[posted by Brian K. Walker]

If the last year has taught us anything it is that none of
us have any idea how to predict the future. I think we can all agree, the year
was full of surprises. But one of the great luxuries of the job we have at Forrester
is that we talk with lots and lots of people in and around the industries we
cover. In my case I am lucky to have the opportunity to talk shop with
eCommerce business leaders, multichannel retailers, IT leaders, eCommerce
technology vendors, industry media and thought leaders, and (last but not
least) my colleagues at Forrester.


I am not going to venture out with any “predictions”, but
based on all those conversations I want to touch on some eCommerce technology
themes I believe we will see in 2009.


So, with that, and in no particular order:


  1. SaaS & hosted/managed platforms go
    Increasingly online and multichannel retailers
    cut-to-the-quick and point out at the top of my conversations with them that
    “we are really only interested in something we do not need to support
    internally or host in any way.” While true SaaS products still leave some
    enterprise-class customers queasy, they are increasingly interested in looking
    at these offerings. And nearly all are open-to or motivated-to hosted/managed
    offerings. Look for incumbent software offerings to add hosted/managed and SaaS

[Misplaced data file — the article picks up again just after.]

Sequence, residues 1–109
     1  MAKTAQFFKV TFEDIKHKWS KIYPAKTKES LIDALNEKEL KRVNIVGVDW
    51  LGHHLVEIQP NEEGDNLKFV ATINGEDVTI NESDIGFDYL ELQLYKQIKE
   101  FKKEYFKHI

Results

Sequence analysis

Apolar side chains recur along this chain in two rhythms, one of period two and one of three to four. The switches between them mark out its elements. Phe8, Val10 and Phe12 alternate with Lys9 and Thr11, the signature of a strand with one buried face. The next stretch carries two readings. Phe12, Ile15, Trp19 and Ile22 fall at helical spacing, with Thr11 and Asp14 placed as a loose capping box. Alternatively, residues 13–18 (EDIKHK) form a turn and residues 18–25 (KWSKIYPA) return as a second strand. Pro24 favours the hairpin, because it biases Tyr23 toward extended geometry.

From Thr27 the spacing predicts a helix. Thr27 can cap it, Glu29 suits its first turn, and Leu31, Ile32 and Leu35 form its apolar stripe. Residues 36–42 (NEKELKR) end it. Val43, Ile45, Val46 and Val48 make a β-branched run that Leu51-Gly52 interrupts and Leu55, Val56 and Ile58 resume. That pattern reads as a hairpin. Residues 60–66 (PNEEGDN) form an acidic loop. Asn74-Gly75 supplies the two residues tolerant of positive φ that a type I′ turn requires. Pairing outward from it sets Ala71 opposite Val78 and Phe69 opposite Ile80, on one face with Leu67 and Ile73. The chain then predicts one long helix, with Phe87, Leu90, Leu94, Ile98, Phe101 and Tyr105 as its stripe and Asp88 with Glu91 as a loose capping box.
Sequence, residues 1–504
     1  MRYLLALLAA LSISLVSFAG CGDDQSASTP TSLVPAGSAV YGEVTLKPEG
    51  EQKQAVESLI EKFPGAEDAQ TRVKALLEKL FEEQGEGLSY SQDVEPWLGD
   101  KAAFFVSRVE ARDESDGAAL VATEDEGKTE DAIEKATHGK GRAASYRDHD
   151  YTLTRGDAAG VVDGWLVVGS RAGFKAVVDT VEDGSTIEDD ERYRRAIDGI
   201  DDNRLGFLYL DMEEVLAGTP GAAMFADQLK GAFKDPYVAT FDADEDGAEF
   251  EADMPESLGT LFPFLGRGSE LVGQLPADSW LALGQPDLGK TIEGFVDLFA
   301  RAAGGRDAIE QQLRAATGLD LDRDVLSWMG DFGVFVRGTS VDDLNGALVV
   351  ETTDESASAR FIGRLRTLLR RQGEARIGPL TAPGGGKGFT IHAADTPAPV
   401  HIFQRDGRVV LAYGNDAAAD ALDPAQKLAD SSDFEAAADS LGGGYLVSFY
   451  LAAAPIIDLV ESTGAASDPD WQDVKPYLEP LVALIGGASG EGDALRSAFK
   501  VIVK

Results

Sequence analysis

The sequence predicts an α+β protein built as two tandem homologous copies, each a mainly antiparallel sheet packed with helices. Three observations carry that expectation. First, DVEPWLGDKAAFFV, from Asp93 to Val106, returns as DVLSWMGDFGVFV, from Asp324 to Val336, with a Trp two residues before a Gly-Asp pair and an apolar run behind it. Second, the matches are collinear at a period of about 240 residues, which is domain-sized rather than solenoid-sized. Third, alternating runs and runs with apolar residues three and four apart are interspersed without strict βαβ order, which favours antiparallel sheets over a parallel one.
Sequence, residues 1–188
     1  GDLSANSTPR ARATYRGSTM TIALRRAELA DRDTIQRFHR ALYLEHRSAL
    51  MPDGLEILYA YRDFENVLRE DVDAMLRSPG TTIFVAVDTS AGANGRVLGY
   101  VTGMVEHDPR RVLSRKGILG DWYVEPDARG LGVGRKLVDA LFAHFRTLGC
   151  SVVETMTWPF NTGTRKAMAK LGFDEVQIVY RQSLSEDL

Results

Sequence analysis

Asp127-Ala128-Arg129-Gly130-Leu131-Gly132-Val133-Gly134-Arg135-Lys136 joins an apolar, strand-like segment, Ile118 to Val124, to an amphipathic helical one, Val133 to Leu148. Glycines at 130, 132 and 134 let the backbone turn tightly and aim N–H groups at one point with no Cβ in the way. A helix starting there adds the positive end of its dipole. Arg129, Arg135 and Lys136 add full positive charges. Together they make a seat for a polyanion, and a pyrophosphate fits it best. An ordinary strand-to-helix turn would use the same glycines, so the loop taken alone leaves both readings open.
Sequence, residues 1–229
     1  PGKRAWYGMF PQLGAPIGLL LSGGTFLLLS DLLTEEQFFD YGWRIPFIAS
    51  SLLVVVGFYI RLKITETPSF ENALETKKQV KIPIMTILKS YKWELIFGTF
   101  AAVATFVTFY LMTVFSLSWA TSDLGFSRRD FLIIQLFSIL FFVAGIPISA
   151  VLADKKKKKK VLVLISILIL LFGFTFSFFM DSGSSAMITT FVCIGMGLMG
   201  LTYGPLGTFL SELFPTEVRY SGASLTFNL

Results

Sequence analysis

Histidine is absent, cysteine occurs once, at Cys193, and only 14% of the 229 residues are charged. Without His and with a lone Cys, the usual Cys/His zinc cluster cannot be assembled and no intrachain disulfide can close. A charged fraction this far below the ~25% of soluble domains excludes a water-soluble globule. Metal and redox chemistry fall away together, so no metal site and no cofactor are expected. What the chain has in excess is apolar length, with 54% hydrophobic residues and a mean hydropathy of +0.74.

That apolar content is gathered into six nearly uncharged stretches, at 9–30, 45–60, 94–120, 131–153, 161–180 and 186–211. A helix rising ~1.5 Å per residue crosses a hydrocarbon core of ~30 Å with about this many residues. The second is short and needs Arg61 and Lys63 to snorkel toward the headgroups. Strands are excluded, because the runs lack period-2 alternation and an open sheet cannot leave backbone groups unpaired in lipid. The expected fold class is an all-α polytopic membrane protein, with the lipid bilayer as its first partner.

offerings to the portfolio and for business models to be tweaked all around to
    overcome obstacles in both traditional license and revenue-share models. We
    will be publishing a Wave report on the top 10 world-wide B2C eCommerce
    platforms very soon in January 2009.
  2. Social shopping picks up steam and the
    experiments begin in earnest.
    Over the last couple of years we have all seen and
    participated in the proliferation of the social platforms. Look for retailers
    to seek out ways to participate. Email is maturing for many, and Search is
    annualized, time for the new pony. ROIs may be elusive, but the experiments
    will be many and interesting. Look for affiliate marketing, RSS, comparison-shopping,
    and web-services to all be used in various combination.
  3. B2B eCommerce platform demand picks up.
    For years platform vendors have waited for the tsunami of B2B deals to come
    rolling in, and it really does make so much sense… efficiency, customer
    experience, CRM, globalization, multiplying channels, and traditional
    distribution channels under threat. Well, it is not a tsunami, but rather
    gravitational pull of another planet. Subtle but there. We will see demand for
    B2B eCommerce applications developing, and it will be lead but forward thinking
    organizations who are looking to do it right and who are not in any hurry. This
    is why, in this economy, it is going to build slowly. I will be covering B2B
    platform offerings with a market overview in Q2 2009.
  4.  B2C eCommerce platform demand moderates but
    remains healthy.
    If you are a client, I wrote about this recently here,
    but in summary – and in honor of Spinal Tap – we are seeing the volume going down from eleven to eight. Many
    multichannel retailers are seeing an eCommerce beacon if light in the terrible
    retail storm. And branded manufacturers need to replace eroded demand in their
    traditional retail distribution models – making the channel conflict questions
    much easier to navigate. All that though needs to be mixed with a very
    challenging overall economic environment, hence the moderation. Many
    initiatives may stall at signing as companies wait for the situation to